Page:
Nosferatu (1922) an (insanely) belated review

The above title is a bit of a misnomer.  My review isn’t so much about the groundbreaking, absolutely excellent 1922 film as much as about the just released 2013 Kino BluRay HD remaster of Nosferatu.

In a word: Wow.

I’ve listed my top three films of all time before (Metropolis, Orpheus, and 2001: A Space Odyssey).  If I were to expand the list to four, Nosferatu would get strong consideration to be the next entry.  I consider it THE best adaptation (illegal though it was) of Bram Stoker’s Dracula.  For those who don’t know, Bram Stoker’s widow sued the studio that released Nosferatu, claiming copyright infringement on her husband’s work.  She won the lawsuit (not a big surprise as the film is essentially Dracula) and it was ordered that all prints of the film be destroyed.  Many were.  Luckily for us, not all.

While Dracula may be best known for its Bela Lugosi or Christopher Lee characterization, you’ve never seen a vampire quite as sinister as Max Shreck’s Count Orlok.

When I heard Kino was working on a remastered version of the film, I knew I had to have it.  I’ve seen Nosferatu at least a dozen times with varying degrees of visual clarity, from muddy to pretty good.

The Kino BluRay is easily the best of the lot.

Images are incredibly clear.  Yes, there is grain and scratch marks here and there (we are talking about a film that is close to 100 years old!), but I can honestly say watching this version of the film is like seeing it for the proverbial first time.  Details that I hadn’t noticed before came to incredible life.  For example, the opening shot of the city and church, something that never impressed me in previous versions I had seen of the film, was simply eye-popping.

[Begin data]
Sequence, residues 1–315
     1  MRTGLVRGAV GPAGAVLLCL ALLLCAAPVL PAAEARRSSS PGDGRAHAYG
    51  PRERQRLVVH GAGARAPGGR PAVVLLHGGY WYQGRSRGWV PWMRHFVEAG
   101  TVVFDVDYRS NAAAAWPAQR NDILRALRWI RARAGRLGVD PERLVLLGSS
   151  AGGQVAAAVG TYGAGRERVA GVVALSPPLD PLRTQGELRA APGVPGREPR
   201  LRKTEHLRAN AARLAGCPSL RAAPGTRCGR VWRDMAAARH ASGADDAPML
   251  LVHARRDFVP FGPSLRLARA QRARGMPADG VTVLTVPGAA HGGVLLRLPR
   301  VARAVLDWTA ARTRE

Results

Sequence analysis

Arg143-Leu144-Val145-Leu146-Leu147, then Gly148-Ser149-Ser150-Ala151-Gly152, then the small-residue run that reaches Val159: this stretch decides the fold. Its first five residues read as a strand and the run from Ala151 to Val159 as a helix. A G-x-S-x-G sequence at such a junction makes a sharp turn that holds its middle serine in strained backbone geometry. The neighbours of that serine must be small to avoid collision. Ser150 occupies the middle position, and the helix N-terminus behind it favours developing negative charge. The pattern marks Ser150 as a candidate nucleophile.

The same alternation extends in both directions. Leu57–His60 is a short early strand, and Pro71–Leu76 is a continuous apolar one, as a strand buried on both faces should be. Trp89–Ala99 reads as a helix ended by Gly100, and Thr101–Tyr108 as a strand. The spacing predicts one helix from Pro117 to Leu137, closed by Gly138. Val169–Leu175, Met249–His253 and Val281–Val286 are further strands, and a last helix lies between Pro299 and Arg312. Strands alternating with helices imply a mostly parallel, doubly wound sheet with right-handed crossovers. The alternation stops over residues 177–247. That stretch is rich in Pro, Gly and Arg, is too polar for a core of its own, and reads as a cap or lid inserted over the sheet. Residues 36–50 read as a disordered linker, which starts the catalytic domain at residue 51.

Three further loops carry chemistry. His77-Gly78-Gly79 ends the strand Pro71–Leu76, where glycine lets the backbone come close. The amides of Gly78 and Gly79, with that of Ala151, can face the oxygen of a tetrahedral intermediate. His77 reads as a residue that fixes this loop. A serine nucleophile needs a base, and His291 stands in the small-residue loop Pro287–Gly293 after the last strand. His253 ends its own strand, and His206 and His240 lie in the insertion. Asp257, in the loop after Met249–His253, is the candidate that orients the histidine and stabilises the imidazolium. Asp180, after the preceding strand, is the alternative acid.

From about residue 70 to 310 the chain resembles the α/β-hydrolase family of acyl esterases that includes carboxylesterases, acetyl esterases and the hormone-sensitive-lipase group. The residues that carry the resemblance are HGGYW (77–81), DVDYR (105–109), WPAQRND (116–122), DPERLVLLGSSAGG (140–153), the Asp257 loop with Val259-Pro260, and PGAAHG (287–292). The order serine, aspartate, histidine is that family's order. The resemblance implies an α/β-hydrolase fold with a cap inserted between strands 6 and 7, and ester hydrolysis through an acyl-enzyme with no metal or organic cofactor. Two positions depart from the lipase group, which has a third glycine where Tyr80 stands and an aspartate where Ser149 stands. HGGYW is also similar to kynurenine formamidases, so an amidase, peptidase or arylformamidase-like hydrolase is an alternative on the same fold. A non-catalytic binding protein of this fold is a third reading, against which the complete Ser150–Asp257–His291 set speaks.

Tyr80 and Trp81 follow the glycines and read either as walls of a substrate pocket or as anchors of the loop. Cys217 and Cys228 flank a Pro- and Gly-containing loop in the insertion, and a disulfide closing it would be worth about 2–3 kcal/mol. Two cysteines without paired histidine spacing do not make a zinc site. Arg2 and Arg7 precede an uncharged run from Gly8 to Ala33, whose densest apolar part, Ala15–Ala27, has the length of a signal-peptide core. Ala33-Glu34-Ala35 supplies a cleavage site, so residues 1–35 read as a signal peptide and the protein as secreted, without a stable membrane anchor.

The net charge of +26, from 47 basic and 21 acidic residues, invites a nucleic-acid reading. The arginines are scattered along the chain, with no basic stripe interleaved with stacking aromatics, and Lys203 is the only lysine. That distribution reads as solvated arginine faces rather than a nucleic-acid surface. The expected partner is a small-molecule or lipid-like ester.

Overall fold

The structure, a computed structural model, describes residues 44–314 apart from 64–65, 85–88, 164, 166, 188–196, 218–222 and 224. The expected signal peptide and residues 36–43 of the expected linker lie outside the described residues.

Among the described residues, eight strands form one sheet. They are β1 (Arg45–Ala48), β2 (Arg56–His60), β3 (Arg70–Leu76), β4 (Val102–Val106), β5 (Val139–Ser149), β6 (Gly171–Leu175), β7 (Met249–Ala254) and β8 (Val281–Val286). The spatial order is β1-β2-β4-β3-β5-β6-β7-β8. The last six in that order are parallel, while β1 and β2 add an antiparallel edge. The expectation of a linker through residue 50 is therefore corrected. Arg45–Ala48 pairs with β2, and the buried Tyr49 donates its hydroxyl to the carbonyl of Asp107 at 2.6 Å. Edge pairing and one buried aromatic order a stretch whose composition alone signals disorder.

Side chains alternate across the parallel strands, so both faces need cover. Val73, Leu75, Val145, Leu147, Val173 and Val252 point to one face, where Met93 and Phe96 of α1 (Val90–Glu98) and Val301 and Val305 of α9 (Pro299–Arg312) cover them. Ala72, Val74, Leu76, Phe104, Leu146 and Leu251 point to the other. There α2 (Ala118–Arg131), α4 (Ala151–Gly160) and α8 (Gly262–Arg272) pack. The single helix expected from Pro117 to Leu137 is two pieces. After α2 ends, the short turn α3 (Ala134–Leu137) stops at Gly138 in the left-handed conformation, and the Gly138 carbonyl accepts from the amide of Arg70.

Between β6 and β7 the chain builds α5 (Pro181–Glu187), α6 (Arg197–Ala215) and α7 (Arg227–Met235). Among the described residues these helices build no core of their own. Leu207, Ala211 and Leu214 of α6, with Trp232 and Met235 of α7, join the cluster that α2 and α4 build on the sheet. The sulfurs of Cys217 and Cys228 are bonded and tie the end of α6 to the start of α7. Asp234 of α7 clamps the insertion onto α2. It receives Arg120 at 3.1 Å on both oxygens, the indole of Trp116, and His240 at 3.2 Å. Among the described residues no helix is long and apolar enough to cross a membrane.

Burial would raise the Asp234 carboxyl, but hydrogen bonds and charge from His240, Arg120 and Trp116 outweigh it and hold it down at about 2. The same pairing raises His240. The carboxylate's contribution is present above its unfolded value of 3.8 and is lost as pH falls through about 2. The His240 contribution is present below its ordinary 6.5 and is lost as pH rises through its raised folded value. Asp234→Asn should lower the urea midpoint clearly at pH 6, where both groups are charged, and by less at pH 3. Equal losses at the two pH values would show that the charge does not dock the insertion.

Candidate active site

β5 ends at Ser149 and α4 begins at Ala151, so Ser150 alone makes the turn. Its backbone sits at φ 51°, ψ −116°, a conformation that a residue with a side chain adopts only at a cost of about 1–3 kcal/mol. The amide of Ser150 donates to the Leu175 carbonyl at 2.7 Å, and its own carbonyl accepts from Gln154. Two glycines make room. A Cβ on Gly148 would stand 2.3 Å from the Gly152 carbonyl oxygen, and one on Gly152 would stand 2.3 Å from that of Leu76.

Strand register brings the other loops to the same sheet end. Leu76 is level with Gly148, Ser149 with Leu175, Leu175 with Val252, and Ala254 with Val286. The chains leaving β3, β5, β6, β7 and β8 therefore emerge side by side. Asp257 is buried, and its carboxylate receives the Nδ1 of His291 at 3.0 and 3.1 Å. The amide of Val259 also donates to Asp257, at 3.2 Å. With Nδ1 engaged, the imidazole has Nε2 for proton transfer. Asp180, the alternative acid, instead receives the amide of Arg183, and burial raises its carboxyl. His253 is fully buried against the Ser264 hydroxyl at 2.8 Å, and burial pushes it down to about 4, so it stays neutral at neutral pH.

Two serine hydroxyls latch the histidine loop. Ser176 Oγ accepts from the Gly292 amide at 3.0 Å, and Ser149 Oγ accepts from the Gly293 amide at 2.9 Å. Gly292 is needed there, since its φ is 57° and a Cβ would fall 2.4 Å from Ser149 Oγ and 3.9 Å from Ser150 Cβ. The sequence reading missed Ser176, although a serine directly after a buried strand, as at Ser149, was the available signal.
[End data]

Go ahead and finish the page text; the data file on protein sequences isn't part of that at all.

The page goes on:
And that was the very opening scene!

If, like me, you’re already fan of the film and have one or more copies of it on disc and are on the fence about whether to buy the BluRay, don’t.  This is VERY MUCH worth getting.  You’ll likely throw away just about every other version of the film you have.  If you’ve never seen Nosferatu before and are curious to see it, this is the version you should get.  Hell, even if you’re not a big fan of silent films, I can’t see how anyone with even a little curiosity about this classic wouldn’t find something to enjoy within.

Nosferatu is a truly seminal work.  And now, as released in BluRay, you can enjoy it as if it were almost brand new.

Highly recommended.

Some interesting trivia about the film can be found at IMDB’s page devoted to the film.  Check it out:

Two of my favorites:

The character of Nosferatu is only seen on screen for a bit less than nine minutes in total throughout the whole film.

I can totally believe it!  Nosferatu, as depicted in this film, is a menace that lurks over all the film’s protagonists.  Though he doesn’t have that much screen time, per se, his presence is felt almost from the first minutes and certainly until the last.

Ruth Landshoff, the actress who played the hero’s sister once described a scene in which she fled the vampire, running along a beach. That scene is not in any version of the film.

Ms. Landshoff’s character is present for much of the film and, toward the end SPOILERS!!! we see that she, like many of the other townspeople, has succumbed to Nosferatu’s “plague”.  Yet we never really find out what became of her, suspecting she like so many others died but not knowing for sure.  Perhaps there was a further scene like what is described above that was filmed to show her actually falling to Nosferatu yet was ultimately not used.  Very interesting stuff.